Get introduced to postdoctoral researchers at SAFE. The profiles are originally from the magazine Points which can be dowloaded here.
For Kaspar Zimmermann, working with data is all about long timeframes – such as in his publication “The Big Bang: Stock Market Capitalization in the Long Run” in the forthcoming issue of the Journal of Financial Economics, one of the world’s most cited academic journals.
Working with his co-author Dmitry Kuvshinov, Zimmermann has collected data series on the stock market capitalization, share issues and prices, dividends, and discount rates of listed companies in 17 highly-developed economies over the past 150 years. His paper documents a structural break in the development of stock markets: from the nineteenth century through until the 1980s, stock markets grew in lockstep with the real economy as market growth was driven primarily by equity issues; since the 1980s, however, due to rising stock prices and corporate profits, stock markets have grown much faster than the real economy.
“It’s exciting to dig up a new source in an archive and find variations in data that you can use,” Zimmermann says. But use for what? “By collecting data on a larger scale and combining it with a longer-term perspective, we can sometimes learn more about which explanations come into question for certain phenomena. This, in turn, allows us to formulate general statements on this new basis,” explains the 31-year-old.
Understanding financial crises in a historical context
Zimmermann read for his undergraduate and postgraduate degrees at the University of Bonn between 2010 and 2020, with stops along the way taking him to the Paris School of Economics and Yale University. At Yale, Zimmermann taught, among others, for William Nordhaus, who later won the Nobel Prize in Economics.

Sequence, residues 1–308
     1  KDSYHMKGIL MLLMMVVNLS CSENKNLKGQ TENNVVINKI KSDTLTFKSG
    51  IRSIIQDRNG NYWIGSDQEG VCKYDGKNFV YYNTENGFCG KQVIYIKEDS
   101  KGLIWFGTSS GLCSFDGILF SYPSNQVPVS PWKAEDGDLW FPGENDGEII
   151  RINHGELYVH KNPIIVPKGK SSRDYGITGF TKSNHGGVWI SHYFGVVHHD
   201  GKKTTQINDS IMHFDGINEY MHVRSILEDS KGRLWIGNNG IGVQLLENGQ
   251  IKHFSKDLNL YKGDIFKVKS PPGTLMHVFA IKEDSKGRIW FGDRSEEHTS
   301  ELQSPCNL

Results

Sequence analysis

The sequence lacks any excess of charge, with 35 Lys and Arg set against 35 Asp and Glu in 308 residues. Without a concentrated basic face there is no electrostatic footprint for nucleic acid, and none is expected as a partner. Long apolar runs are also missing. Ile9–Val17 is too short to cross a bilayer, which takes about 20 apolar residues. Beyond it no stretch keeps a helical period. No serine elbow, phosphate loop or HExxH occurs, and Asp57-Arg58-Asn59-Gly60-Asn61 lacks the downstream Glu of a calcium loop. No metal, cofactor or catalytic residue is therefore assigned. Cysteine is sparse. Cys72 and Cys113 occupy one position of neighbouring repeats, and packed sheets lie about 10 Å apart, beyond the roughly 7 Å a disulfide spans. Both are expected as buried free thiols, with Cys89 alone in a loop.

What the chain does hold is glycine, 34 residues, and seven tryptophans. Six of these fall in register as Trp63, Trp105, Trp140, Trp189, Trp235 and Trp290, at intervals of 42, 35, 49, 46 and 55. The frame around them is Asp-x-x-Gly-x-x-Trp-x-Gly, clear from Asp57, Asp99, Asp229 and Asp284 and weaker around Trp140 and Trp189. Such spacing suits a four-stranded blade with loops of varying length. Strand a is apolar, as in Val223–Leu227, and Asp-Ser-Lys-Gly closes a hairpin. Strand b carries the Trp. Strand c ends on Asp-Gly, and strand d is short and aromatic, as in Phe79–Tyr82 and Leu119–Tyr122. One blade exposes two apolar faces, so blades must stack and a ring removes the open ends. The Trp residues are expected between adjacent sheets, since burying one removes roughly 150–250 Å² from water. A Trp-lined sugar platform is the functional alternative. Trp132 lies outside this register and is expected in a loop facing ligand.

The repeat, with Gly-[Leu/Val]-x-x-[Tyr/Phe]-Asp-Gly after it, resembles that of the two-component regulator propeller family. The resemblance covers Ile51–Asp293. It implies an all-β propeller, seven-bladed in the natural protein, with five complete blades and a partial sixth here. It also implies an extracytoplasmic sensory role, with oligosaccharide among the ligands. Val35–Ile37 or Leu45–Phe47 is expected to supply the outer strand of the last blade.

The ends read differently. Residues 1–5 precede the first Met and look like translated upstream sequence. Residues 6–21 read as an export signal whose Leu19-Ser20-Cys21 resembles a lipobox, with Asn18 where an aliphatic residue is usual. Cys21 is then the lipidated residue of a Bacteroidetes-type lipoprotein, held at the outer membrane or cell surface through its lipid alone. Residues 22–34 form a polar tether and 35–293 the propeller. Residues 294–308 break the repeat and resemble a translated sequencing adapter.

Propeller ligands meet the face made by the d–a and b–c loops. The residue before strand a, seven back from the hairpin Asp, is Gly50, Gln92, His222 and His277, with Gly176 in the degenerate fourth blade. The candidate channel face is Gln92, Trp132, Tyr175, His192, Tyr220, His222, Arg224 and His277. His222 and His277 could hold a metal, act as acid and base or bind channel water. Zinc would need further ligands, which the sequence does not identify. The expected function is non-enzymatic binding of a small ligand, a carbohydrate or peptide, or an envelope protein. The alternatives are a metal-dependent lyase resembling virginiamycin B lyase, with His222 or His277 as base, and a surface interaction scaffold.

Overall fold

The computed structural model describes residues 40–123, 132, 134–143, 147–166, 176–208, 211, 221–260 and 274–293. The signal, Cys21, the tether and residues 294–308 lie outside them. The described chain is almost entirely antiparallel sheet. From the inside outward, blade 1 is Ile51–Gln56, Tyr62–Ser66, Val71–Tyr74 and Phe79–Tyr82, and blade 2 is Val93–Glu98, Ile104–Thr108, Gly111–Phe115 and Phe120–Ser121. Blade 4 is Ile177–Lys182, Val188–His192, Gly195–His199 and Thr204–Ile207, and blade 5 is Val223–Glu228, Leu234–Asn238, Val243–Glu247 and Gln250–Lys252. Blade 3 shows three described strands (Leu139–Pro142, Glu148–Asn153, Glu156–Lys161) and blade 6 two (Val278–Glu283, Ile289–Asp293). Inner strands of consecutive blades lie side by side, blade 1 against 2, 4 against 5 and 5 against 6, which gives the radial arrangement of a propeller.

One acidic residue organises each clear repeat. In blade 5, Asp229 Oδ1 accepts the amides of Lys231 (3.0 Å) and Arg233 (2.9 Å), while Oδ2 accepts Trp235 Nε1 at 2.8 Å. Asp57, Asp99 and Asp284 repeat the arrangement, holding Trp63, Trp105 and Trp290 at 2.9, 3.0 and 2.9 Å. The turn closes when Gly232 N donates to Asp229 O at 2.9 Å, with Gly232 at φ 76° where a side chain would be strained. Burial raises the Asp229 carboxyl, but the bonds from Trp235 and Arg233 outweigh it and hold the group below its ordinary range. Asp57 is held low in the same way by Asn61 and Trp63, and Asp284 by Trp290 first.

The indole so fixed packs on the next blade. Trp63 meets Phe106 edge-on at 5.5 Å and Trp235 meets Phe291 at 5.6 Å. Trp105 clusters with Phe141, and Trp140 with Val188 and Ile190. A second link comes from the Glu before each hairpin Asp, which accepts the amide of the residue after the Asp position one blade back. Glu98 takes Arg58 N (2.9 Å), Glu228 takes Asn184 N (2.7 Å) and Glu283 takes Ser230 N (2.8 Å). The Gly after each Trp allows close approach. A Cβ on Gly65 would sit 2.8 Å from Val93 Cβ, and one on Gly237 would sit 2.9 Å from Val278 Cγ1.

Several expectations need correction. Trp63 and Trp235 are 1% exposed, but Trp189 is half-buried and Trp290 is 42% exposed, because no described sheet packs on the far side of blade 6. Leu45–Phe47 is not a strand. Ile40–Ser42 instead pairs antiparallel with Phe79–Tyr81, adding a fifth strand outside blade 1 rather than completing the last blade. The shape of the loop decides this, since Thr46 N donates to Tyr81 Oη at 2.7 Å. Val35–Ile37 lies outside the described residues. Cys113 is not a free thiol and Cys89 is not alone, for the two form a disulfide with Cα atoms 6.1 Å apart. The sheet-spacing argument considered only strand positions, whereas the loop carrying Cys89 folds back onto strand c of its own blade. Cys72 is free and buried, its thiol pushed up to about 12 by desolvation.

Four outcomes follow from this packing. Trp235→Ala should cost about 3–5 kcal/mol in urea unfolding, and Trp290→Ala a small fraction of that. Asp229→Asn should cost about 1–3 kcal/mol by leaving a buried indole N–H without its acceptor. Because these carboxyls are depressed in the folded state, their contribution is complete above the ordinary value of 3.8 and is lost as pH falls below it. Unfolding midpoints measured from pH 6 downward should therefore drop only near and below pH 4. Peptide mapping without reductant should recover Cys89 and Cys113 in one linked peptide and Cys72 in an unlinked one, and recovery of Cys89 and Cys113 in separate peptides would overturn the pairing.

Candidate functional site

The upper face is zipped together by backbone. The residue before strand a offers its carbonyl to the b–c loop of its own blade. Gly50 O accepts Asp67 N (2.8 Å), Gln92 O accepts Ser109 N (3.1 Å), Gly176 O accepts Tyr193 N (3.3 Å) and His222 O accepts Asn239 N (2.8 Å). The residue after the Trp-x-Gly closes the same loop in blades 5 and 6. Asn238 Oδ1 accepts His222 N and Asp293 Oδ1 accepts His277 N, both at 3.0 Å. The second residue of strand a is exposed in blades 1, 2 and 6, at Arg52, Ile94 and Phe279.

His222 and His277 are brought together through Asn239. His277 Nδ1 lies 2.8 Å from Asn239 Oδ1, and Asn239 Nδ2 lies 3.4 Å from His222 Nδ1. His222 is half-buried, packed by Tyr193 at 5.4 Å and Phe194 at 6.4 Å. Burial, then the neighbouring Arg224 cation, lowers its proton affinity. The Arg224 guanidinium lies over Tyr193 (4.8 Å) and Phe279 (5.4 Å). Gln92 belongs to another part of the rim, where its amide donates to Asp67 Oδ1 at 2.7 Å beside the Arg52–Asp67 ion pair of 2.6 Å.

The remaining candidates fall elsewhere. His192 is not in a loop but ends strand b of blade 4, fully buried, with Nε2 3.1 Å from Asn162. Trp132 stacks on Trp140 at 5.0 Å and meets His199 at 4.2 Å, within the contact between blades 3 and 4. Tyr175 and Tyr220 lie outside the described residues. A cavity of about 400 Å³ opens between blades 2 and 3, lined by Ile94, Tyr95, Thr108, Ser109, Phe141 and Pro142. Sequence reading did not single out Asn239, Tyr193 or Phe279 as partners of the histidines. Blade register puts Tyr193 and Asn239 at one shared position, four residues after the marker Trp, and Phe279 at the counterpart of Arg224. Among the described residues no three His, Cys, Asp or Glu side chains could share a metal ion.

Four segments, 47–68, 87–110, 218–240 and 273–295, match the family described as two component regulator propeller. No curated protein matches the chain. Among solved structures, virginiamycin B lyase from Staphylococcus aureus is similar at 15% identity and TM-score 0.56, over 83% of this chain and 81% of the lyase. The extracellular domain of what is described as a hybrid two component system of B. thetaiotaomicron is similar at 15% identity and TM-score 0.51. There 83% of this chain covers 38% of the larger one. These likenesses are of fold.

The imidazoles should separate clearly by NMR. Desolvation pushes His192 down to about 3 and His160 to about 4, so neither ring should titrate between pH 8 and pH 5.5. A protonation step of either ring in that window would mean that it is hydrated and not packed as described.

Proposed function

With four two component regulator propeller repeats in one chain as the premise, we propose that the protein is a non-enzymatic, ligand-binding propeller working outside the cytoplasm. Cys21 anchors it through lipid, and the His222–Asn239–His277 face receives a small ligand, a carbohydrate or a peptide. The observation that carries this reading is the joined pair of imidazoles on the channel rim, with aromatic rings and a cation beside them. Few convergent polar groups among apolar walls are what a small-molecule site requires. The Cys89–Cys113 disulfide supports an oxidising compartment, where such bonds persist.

For his Ph.D., Zimmermann studied sovereign bankruptcies, interest rate developments, credit cycles related to bank profitability, and, of course, stock market capitalization. Now, he is working on a new idea: “So far, we have aggregate sectoral data for 17 highly-developed economies. But if we want to go on to understand where financial crises come from, individual bank data can help us do that.” A new paper on this is currently, in collaboration with colleagues from the University of Bonn and Cornell University in the United States, in progress.
“Research thrives on interaction”
At SAFE, Kaspar Zimmermann researches into economic historical trends in the field of macro-finance. As in most academic disciplines, exchange with other experts is essential to him: “Our research thrives on interaction. It is very helpful to have such a good network of researchers at SAFE.” That was a good reason for him to come to Frankfurt in January 2021.
In terms of his pastimes, Zimmermann is a keen cyclist and is looking to take a few longer bike trips in the new year – preferably, like his research, extending over longer timeframes (albeit measured in weeks rather than centuries). “We’ve cycled through France and Spain a few times and been to Scandinavia,” he says, and is now casting an eye towards routes along the Croatian coast and through Italy: “Both countries have lots of cities worth seeing and you can easily line them up as part of a cycling holiday.” Perhaps he will plan in a couple of stops at bank archives along the way.
Kaspar Zimmermann is Advanced Researcher in the department Macro Finance at SAFE.